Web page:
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A digital euro should be borderless and not used for commercial purposes, ECB's Lagarde says

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(Kitco News) - European Central Bank (ECB) president Christine Lagarde suggested that a digital euro issued by the central bank “will not be used for commercial purposes” during a speech at the Forum on US-European GeoEconomics being held in Frankfurt on Wednesday. 

The ECB provides “the guarantee that those payments will not be exploited for commercial purposes,” Lagarde said in a talk discussing the possibilities of a central bank digital currency (CBDC). “This is not the business of a central bank.”

Referring back to a survey conducted in January 2021 which showed that privacy ranked at the top of the list of features expected from a digital currency by European respondents, Lagarde called the digital euro a banknote “with a little less anonymity,” and promised the that a digital euro would protect citizens. 

Privacy protection from a CBDC is something that is also a concern in the U.S., as Fed Chair Powell recently highlighted it as one of the four key features that a digital dollar would need to possess along with being intermediated, identity-verified and interoperable.

Lagarde also suggested that a digital euro should be borderless so that it can facilitate cross-border payments but stressed the need for collaboration between the world’s central banks to ensure that they are all on the same page, regulatory-wise. 

“Digital currency is borderless, it shouldn’t be borderline, and it should certainly not cross the line, which is why it should be regulated and properly supervised,” Lagarde advised. “But it can facilitate cross-border payments in a big way, which is why between the United States authorities, the European authorities, and others beyond that, we need to compare notes.”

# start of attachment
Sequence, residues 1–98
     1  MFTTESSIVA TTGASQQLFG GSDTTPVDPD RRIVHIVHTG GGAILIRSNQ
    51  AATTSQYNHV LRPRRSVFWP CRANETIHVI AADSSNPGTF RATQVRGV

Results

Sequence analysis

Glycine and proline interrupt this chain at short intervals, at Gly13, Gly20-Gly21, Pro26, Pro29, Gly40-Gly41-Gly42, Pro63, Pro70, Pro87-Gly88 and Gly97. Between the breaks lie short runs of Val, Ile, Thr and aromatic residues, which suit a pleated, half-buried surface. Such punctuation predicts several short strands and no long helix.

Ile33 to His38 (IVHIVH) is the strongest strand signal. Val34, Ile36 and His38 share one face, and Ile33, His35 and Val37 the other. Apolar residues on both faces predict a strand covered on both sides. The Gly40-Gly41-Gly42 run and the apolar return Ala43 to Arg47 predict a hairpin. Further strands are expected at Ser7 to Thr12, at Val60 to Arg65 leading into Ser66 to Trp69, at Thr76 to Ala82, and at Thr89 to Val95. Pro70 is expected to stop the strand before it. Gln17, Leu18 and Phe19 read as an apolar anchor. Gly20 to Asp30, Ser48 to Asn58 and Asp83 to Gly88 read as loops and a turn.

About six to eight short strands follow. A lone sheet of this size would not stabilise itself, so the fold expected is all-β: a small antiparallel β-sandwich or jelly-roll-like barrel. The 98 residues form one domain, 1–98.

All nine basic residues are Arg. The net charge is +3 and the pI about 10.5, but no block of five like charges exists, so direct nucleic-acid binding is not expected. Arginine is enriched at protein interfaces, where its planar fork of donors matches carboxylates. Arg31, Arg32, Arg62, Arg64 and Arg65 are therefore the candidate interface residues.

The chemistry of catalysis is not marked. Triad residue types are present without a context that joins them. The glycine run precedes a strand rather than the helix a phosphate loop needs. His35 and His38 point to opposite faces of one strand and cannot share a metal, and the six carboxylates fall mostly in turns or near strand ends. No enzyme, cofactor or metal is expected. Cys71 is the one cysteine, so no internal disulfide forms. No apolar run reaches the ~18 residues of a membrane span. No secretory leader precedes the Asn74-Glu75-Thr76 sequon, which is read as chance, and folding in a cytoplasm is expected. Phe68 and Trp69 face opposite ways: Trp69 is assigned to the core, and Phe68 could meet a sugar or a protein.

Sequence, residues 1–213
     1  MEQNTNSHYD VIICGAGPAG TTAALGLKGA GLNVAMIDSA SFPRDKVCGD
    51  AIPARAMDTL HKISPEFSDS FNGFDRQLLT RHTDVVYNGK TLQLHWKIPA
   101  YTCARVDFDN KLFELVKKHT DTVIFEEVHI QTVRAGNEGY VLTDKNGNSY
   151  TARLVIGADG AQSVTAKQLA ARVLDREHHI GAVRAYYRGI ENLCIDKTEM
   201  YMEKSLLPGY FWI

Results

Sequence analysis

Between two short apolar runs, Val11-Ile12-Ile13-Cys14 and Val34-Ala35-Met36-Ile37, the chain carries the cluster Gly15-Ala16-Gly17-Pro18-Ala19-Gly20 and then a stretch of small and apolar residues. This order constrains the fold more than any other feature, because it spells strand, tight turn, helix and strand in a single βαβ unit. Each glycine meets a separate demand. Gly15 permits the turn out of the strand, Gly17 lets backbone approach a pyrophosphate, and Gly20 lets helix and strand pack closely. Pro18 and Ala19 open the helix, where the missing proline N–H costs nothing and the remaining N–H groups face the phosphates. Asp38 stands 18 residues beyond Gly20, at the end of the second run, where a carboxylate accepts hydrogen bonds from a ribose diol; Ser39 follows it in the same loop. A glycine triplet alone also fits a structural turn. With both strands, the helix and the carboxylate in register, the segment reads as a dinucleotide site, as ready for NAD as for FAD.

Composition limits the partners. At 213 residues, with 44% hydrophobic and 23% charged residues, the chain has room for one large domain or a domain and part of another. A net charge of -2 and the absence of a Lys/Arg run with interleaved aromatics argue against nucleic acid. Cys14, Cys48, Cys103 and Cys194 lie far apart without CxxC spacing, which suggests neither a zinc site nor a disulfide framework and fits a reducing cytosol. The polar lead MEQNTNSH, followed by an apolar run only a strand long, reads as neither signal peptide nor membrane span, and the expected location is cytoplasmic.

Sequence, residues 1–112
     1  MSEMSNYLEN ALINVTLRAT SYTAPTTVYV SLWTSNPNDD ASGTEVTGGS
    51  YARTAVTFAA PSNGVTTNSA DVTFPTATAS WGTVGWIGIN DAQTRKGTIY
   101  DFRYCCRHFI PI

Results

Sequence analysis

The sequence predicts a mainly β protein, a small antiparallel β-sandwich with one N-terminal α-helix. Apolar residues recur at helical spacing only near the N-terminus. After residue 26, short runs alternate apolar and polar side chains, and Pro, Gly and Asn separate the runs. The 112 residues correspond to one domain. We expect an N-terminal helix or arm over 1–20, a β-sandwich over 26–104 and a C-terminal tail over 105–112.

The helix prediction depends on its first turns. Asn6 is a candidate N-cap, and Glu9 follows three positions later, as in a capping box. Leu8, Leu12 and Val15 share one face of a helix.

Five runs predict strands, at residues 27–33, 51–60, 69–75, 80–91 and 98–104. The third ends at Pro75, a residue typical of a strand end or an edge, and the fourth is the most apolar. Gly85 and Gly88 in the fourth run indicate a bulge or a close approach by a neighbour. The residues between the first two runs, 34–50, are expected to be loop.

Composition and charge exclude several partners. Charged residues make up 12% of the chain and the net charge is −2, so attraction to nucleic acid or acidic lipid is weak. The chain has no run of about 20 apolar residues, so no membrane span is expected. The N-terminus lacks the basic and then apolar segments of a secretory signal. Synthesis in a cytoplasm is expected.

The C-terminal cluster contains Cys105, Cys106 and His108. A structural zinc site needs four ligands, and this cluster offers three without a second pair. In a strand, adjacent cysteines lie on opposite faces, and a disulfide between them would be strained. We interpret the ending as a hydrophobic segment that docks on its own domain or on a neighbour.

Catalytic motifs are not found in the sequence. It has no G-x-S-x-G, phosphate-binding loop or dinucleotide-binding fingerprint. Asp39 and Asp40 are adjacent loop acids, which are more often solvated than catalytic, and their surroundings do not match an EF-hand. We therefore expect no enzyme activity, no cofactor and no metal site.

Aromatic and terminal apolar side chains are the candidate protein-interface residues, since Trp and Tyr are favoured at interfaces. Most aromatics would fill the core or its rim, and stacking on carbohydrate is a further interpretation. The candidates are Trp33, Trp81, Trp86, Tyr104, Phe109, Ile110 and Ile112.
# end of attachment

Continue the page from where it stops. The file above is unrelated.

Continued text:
Addressing concerns that a digital euro could lead to the elimination of physical cash, Lagarde suggested that those concerns were mainly centered around the issue of privacy, and reaffirmed that if the ECB rolls out a CBDC, protecting user information will be a priority.

Bank of International Settlements concludes a ‘successful' CBDC trial

CFTC Commissioner looks to create an Office of the Retail Advocate

Meanwhile, across the Atlantic, Commodity Futures Trading Commissioner Caroline Pham is making a push for greater authority to oversee crypto markets with the proposal of a new “Office of Retail Advocate’ for the CFTC. 

"If there are areas of the financial system that are apparently outside and unregulated, such as a 'shadow' crypto financial system – shadow banking 3.0 – then the appropriate response is to bring them inside," Pham said during a speech given at an event hosted by blockchain project Corda in London on Monday. 

Reasons for the need for the new office cited by Pham include “the crypto crash, risk management failures, and substantial retail losses.” 

Overall, the CFTC commissioner wants to ensure that the proper consumer protections are in place as cryptocurrencies become more widely adopted, and thinks that the creation of an Office of the Retail Advocate “would further enshrine the CFTC’s current customer protection mandate under Dodd-Frank.”

Currently, the Digital Commodities Consumer Protection Act is making its way through the Senate Agriculture Committee. If the bill is passed and signed into law, it will establish a mandatory regime for crypto exchanges to report to the Commodity Futures Trading Commission.

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